Closed Bug 1517414 Opened 4 years ago Closed 4 years ago
Re-evalute usage of Timed
Promise to avoid various timeout errors
For a while the TimedPromise is used to restrict a couple of Gecko API calls to a certain amount of time. While this sound pretty helpful previously, the given amount of recent test failures caused me to think differently. Now I feel this makes Marionette very unstable and unreliable for a couple of commands, which are mostly window manipulation related. And we actually tried to fix that with bug 1492499. The underlying problem with using short timeout values is that it's unknown for us how Firefox behaves in various environments, and especially for different builds (opt, debug, asan, valgrand). While we tried to solve it with a multiplicator for debug builds  we cannot estimate how those builds behave on eg. slow systems. Those could still cause Firefox to take way longer to finish the API call. As such we should really rethink the usage of the TimedPromise, and I would vote for removing it in all the places, and instead implement a timer to kill long running WebDriver commands, which usually caused an infinite hang in the past. I know that this can become problematic for navigation, executing scripts, and finding elements, because those commands use a user-configurable timeout which would have to be obeyed, or by just excluding those commands from that timer. The result of that would be that we don't care how much time individual API calls take, but make sure that we don't run in an infinite hang. As such we can kill lots of those frequent intermittent failures which are visible those days. Andreas, I would really like to discuss that with you. As best via Vidyo. Please let me know when you have the time.  https://searchfox.org/mozilla-central/rev/0ee0b63732d35d16ba22d5a1120622e2e8d58c29/testing/marionette/sync.js#31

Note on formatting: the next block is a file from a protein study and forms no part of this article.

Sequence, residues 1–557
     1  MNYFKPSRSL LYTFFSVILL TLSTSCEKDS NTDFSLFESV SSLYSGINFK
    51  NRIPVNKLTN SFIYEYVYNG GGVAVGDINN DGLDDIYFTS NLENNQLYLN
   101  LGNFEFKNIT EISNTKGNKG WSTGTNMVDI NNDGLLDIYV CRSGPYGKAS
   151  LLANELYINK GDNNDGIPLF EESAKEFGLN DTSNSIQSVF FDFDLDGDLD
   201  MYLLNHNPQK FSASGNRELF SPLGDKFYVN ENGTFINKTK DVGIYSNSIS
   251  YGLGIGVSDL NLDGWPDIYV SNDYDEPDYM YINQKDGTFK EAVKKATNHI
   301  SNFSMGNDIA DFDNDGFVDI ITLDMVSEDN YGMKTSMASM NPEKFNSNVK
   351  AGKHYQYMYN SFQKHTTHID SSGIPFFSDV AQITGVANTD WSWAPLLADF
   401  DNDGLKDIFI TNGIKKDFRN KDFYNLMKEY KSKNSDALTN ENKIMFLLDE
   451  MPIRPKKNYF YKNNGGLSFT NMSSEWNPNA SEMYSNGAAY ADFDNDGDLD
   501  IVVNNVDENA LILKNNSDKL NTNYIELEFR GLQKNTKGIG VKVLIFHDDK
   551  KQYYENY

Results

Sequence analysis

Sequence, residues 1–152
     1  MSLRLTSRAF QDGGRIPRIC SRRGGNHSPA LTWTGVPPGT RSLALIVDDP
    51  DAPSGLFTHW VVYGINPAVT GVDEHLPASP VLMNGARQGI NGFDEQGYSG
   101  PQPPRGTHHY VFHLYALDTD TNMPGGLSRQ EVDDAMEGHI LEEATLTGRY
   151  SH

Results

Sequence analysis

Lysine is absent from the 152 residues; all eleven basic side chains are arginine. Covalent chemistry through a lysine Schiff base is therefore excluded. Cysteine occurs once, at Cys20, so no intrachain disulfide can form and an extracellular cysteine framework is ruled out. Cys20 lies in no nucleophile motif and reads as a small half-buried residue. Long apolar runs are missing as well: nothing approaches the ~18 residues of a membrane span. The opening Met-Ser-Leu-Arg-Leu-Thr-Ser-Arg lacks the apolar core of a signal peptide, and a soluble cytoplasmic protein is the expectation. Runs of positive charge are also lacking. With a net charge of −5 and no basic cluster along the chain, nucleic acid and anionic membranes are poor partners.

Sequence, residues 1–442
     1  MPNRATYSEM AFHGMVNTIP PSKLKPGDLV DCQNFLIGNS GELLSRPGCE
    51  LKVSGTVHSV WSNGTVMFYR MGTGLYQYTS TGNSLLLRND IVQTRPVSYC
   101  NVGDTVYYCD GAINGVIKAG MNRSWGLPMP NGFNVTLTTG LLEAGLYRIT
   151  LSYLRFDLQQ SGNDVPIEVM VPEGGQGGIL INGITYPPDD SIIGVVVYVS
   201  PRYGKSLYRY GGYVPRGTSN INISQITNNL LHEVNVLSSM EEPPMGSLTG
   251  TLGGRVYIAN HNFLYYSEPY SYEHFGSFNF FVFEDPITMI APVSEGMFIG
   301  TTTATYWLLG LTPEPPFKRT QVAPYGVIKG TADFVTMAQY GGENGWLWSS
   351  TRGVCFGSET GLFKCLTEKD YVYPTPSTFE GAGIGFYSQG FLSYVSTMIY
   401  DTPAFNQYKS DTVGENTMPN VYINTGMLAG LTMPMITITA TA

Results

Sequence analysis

This is hard to discuss on a general basis. There probably are cases where we use TimedPromise where it hides actual problems. This is in party why we emit warnings, so that we are aware of when it happens. These warnings can be useful in narrowing down which scenarios TimedPromise is useful, and when it is a hammer, essentially used for a precision-tool job. The most likely use case for TimedPromise is when manipulating the window may, under some circumstances, not give us a definitive answer. For example we can’t tell on Linux without a WM whether the window becomes maximised, because there is no WM to emit the right X11 signals to Firefox. We also can’t detect that there’s _no WM_, which leaves us with a conundrum. The best thing we can do in this case is try and see if it works. Likely the window will get maximised to the fullest extent of the screen, but since we have no events to tell us this we are forced to abort the wait for an event after some arbitrary duration we have decided on. We can’t apply a timeout for every command, as things like WebDriver:ExecuteScript with a session script timeout of null is expected to run for infinity. But it would probably be a good thing to have for everything else so it’s possible we can guard a general timeout on a subset of commands that require this behaviour. You also mention a few other subclasses of commands that would be affected by this. I would like to hear your thoughts on what we could do for those window manipulation cases where we either aren’t getting, or can’t rely on, events. Waiting for a (longer) overall command timeout is not an option as these commands are called frequently in environments without WMs or enviroments we can’t trust to give us the right events.
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